Mark Bouris robocalls on Labor’s negative gearing policy break election laws | Global development
Prominent businessman Mark Bouris has breached electoral laws by robo-calling voters to warn them against voting for Labor, the electoral watchdog said on Thursday.
Voters across the country received a voice message from Bouris, former host of The Apprentice, warning them not to vote Labor, because its negative gearing policy would cause house prices to plummet.
“If Labor wins and they bring in negative gearing changes and the capital gains tax changes, house prices will fall, they’ll continue to fall at a very rapid rate,” he warned. “And what’s worse our kids are going to have to pay more rent because investors are going to have to put the rent up to recoup the losses they would normally get as a tax deduction.”
The voicemail contained no authorisation, leaving voters unable to determine whether Bouris was speaking on someone else’s behalf.
The Australian Electoral Commission said the failure to include an authorisation represented a “technical breach of the authorisation requirements”. It said it would be contacting Bouris to remind him of his obligations.
“This is an electoral communication that requires an authorisation because it advises against voting for the ALP,” a spokesman said. “As you note the authorisation must be at the start of the call and only needs the caller’s name and town or city in which they reside (unless doing on behalf of another organisation in which case the details of the organisation are required).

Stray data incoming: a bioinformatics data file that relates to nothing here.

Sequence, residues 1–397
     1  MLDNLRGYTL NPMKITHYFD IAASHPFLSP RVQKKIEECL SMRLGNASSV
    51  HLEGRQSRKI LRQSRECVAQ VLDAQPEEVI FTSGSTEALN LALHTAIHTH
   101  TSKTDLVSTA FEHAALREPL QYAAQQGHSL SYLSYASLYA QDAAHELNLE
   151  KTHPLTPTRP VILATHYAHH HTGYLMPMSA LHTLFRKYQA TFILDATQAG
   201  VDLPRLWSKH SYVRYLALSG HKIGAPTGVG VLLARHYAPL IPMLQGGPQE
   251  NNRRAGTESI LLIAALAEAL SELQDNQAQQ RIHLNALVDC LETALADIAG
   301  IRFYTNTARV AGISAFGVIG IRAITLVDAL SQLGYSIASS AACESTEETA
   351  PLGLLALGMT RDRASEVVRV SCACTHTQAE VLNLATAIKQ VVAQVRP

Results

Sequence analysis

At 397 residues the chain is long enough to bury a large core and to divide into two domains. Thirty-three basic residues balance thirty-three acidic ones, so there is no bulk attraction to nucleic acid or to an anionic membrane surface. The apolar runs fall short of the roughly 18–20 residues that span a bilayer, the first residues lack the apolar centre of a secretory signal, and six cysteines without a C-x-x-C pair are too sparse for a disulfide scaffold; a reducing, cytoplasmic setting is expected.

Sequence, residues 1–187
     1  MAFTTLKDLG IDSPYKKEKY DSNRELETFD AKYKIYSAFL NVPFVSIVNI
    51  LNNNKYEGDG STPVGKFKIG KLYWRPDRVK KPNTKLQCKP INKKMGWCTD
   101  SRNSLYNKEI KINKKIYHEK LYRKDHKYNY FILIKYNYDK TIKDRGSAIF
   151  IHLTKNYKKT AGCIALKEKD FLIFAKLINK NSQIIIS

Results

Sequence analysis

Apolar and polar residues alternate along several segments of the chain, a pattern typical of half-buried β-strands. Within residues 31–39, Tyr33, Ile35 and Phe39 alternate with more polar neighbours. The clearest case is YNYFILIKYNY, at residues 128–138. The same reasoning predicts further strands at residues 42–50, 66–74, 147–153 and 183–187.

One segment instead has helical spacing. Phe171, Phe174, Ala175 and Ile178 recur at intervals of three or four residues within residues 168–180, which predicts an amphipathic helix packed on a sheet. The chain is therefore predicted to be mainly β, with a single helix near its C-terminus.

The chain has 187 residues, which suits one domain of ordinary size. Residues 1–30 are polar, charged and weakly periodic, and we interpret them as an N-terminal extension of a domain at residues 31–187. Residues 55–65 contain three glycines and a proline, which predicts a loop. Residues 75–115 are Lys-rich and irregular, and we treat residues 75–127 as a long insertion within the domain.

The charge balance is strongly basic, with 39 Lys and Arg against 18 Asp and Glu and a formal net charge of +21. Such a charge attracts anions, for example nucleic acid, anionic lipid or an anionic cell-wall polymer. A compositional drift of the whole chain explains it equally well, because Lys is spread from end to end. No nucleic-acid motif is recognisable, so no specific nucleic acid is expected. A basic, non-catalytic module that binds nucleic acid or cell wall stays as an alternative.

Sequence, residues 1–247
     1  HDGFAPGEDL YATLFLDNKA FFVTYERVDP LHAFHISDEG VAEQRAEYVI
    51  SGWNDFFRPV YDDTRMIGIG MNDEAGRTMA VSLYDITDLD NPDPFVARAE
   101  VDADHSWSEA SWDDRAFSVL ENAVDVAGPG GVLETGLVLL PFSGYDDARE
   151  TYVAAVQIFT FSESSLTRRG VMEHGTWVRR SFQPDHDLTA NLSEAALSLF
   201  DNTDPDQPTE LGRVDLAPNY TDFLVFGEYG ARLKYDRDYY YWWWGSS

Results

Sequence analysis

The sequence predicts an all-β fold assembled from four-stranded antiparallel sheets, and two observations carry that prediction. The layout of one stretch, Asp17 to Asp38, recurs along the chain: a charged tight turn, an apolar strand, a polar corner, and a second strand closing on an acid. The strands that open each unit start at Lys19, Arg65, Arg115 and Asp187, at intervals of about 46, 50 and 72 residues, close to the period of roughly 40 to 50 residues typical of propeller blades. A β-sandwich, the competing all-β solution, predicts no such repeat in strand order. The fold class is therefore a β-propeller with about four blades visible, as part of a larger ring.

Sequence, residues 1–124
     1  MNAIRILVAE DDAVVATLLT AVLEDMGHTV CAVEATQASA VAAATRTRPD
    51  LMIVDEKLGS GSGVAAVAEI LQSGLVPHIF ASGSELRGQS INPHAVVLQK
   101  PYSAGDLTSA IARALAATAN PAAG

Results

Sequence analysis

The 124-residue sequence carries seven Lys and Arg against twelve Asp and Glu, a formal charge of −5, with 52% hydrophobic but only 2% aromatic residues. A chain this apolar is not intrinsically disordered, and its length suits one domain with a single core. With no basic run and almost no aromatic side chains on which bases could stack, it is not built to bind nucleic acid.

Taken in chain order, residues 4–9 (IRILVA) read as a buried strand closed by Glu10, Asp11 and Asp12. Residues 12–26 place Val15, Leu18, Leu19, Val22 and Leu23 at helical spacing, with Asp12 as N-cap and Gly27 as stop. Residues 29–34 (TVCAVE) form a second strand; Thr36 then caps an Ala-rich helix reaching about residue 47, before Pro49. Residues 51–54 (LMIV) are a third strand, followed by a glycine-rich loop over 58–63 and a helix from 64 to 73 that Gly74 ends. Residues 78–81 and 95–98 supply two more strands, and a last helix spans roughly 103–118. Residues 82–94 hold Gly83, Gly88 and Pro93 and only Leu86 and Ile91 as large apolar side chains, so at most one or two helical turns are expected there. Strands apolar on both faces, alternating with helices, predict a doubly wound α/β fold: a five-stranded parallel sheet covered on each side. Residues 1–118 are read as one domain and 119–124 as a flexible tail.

“We will remind Mr Bouris of the authorisation requirements.”
Bouris is best known for his role founding Wizard Home Loans in 1996, but currently runs Yellow Brick Road, a wealth manager and finance planner. Bouris was approached for comment.
It was the second time this week that the AEC has had to warn political campaigners about their election material. The Liberal party was warned about display ads appearing across major news websites, which failed to carry the proper authorisation.
Authorisations are important because they help voters work out who is behind a particular political advertisement. Without authorisations, hidden or unsourced actors are able to exert influence over voters with no transparency. Authorisations also help the AEC monitor and regulate content.
Enforcement of the authorisation requirements, however, is sporadic and generally non-punitive. The AEC often relies on public tip-offs to detect authorisation failures.
The watchdog did not flag any punishment for Bouris, despite the breach.